Warwick exam timetable to be released earlier after last year’s delay
The timetable will still only be published four weeks before exams begin
Warwick University has confirmed that they are trying to publish the summer exam timetable "earlier than previously" following last year's chaos.
A finalised timetable should be ready by April 12 – just one week before the beginning of Term 3.
This means that the confirmed dates, times and rooms should be available four weeks before the start of the examination period, set to start in the third week of term.
This comes after the 2019 timetable was published just three and a half weeks before exams begun – outraging students across all University departments.
Along with the delay, the finalised timetable was significantly different to the provisional timetable – with only 47 out of 729 exams remaining on the same date on both publications.
A spokesperson from the Examination Support Services told The Tab Warwick: "A finalised main May/June timetable should be published to students earlier than previously.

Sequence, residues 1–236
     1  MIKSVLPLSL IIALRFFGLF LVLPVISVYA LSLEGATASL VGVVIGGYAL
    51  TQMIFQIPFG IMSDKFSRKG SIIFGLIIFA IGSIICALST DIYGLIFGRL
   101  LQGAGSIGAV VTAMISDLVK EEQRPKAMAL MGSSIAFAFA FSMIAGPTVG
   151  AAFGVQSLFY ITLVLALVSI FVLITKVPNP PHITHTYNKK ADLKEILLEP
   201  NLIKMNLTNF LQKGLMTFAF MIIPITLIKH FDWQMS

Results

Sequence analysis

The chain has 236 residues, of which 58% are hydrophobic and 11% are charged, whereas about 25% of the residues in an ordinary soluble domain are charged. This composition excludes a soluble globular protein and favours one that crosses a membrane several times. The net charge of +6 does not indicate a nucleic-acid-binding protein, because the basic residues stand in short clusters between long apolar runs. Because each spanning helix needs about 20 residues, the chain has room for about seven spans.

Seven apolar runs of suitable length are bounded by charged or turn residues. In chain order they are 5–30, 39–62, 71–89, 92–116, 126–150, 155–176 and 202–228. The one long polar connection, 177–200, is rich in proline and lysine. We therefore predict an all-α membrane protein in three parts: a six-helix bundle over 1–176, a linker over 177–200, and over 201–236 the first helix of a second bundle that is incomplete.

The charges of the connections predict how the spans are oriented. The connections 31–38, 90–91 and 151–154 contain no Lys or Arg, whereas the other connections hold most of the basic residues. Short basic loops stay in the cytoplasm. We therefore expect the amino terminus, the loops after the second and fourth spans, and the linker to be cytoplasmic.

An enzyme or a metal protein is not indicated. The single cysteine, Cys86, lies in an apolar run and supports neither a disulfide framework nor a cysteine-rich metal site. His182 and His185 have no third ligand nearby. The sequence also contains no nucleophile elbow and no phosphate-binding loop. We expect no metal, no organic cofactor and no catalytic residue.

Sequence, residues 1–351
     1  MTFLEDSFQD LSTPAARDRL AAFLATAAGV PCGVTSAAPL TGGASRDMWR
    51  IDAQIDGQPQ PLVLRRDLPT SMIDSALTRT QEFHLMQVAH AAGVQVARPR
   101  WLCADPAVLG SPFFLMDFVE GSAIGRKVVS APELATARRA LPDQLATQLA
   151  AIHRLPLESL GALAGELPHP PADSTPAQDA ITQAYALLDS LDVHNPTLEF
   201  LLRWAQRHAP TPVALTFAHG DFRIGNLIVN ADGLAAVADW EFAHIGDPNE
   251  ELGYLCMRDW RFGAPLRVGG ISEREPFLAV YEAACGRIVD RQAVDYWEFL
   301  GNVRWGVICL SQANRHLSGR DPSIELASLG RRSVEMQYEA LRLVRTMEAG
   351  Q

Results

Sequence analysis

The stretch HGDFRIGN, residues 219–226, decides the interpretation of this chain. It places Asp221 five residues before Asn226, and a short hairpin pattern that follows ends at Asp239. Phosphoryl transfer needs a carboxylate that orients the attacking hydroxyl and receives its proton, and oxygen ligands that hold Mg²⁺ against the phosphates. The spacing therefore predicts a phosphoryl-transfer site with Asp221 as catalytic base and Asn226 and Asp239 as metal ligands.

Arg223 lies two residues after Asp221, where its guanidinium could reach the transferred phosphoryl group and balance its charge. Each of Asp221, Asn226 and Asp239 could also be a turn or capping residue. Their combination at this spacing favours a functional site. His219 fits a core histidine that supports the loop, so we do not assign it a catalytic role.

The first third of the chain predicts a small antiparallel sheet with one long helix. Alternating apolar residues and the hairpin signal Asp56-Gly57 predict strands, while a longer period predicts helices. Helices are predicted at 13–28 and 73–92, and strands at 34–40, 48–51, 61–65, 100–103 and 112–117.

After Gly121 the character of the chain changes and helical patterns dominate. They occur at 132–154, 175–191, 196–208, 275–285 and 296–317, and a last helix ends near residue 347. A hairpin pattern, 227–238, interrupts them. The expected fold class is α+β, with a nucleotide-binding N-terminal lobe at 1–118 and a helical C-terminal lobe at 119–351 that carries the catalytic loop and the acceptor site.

"Four weeks' prior to the exams commencing, by 12 April 2020 this academic year."
While they have said that this is just a "target date" and is not completely guaranteed – this should bring some peace of mind to the student body.
Since last year's chaos, the University has carried out two reviews – and the outcomes are still "currently under consideration by the appropriate authorities."
Alongside an earlier confirmed timetable, the University said that SSLC Chairs should also be involved in checking the provisional timetable when it is circulated to academic departments.
Last year, the SU called for an apology and an explanation for the delays and disruptions that the timetable caused.
Students also circulated a petition demanding "compensation" for the "careless and nonchalant" attitude the University adopted.
The open letter said: "You are affecting people's lives. You are affecting people’s well-being. You are affecting people's futures.
"For those in the student community who are especially vulnerable and prone to mental health issues, you could be having a seriously detrimental impact on their health."